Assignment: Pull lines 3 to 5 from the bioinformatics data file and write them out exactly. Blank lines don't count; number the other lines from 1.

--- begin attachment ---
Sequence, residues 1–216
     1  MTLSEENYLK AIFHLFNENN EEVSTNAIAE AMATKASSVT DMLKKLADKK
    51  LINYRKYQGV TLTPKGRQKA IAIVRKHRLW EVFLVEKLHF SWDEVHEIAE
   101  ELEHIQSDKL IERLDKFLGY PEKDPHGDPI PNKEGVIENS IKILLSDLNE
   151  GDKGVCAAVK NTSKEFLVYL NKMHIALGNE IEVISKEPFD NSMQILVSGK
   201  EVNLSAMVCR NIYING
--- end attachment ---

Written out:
    51  LINYRKYQGV TLTPKGRQKA IAIVRKHRLW EVFLVEKLHF SWDEVHEIAE
   101  ELEHIQSDKL IERLDKFLGY PEKDPHGDPI PNKEGVIENS IKILLSDLNE
   151  GDKGVCAAVK NTSKEFLVYL NKMHIALGNE IEVISKEPFD NSMQILVSGK